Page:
I can remember sitting in a staff meeting in my early years of vocational ministry when the discussion of the “best time” to connect young-married’s (yep, the whole group is one category) to the church became the topic of the day. The clear call, by all good research and intel was that after the birth of their first child, couples often seek to return to the church to raise their children. Thus, you see entire ministries built from the roots of Baptism and baby dedication classes. Small groups on parenting are launched to receive these wandering young people, who are finding their way back from the wild days of college and early independence. Books have been written, studies have been commissioned and many dollars have spent launching these efforts.

But what about the kids that come along with these wayward young hooligans? Many of them are thrust into nurseries and pre-schools with those that they will one day come to know as their youth group compadres. In the early days of their lives, as their parents long for an hour of free babysitting and a cup of coffee, kids are entrusted to the church world, for better and for worse.

My early years of church life were magical. The wonder of the step stool behind the big pulpit, the flowing choir robes and the secret communion closet were enough to intrigue me and keep me, not only engaged, but fascinated by God and Jesus and the many things that my parents did in the name of church. For me, church meant time with my best friends, the good possibility of a Happy Meal or a Shipley’s donut and an almost certain late bedtime. These things were glorious and holy.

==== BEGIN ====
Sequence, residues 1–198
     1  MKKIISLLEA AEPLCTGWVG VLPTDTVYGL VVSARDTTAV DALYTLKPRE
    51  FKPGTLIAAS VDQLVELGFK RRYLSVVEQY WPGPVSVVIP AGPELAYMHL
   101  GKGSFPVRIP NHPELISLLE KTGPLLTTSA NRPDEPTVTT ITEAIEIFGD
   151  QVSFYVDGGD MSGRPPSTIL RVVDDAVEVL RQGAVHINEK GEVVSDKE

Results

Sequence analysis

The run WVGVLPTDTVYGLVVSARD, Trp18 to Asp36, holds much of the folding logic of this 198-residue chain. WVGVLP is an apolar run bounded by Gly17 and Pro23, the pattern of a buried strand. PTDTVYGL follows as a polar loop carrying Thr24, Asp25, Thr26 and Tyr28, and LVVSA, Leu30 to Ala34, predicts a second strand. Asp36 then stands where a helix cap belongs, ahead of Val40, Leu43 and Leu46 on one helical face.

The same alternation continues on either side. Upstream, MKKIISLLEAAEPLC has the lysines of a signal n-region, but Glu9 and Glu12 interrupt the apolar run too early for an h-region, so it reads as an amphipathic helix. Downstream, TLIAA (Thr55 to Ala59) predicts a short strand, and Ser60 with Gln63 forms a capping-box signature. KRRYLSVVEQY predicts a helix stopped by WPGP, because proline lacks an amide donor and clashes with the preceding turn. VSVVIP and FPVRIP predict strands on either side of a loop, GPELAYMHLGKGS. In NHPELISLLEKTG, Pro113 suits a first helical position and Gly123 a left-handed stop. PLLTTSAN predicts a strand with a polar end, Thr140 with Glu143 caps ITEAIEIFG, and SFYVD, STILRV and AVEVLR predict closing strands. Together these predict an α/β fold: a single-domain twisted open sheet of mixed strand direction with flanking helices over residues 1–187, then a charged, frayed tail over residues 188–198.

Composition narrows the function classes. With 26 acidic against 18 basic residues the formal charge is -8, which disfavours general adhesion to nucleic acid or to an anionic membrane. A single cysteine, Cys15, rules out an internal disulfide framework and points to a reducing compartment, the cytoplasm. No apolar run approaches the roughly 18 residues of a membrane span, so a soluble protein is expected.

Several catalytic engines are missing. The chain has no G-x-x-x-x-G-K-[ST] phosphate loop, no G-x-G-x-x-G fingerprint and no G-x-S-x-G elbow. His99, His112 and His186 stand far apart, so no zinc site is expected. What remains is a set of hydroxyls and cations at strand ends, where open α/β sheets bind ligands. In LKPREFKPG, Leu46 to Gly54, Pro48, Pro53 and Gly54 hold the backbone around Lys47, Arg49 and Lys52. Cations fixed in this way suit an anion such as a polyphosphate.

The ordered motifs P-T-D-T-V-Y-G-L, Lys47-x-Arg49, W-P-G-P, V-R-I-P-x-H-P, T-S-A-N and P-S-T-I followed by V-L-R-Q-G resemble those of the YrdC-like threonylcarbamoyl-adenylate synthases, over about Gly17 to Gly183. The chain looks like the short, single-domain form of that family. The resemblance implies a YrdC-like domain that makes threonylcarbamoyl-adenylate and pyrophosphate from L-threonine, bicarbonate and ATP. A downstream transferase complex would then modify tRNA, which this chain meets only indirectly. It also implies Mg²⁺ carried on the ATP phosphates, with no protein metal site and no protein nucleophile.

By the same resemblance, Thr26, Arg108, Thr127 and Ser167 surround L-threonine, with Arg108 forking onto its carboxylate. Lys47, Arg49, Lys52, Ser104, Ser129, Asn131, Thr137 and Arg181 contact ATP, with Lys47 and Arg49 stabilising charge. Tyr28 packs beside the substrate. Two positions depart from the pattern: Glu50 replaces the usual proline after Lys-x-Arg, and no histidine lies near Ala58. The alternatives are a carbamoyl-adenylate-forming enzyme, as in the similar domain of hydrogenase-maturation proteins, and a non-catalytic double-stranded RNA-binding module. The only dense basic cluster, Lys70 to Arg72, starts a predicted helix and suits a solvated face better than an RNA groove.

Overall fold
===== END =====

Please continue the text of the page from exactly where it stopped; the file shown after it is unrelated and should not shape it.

But something shifted the first time that I realized that the man in the black robe was fallible and that church people lied. I remember being asked to sit on a church committee in my early teens and I watched an argument over the church budget. I can still recall the first time that I was listening to a stewardship (aka give your money) sermon and I felt icky. There was something that didn’t sit right in my gut, but because I trusted the person who lead the campaign that year – he was my Sunday school teacher, after all – I thought that I needed to just be more faithful.

There is a strange thing that happens when the grooves of ‘belief’ and ‘right’ and ‘sure’ and ‘godly’ are etched in our childhood impressions of church. Often they are connected to people. Be it the pastor that you loved or the VBS song that you can still sing from memory, we deeply tie our understanding of faith and God with these memories. For many of us, that creates a warm and nurturing first contact with the Divine. But as we age and we see more, we can find ourselves in a deep well of conflict as we discover that things are not always as they appear. The one who taught you about God is not god-like. The idol that you created to defend your faith was just that. The non-negotiable teaching that could never be questioned because it “just was” is suddenly not. And then what?

Some in the church world call this deconstruction – a season of breaking down the things that you have believed so that you can open yourself to the things that you now know to be true. But the more concerning aspect of this entire conversation is not deconstruction or reconstruction. It is not even the marketing that goes into reshaping parents into loving the church again so that they will bring their kids to the programs. For me it is the group of young adults that will not ever darken the doors of a religious institution again because of the experiences, and in some cases, trauma of their childhood in the church. The ones that were manipiatued and spiritually abused. The ones that cannot ask questions. The ones that when they reached an age that they couldn’t make sense of their doubts, were pushed away as heretics and cynics and unworthy.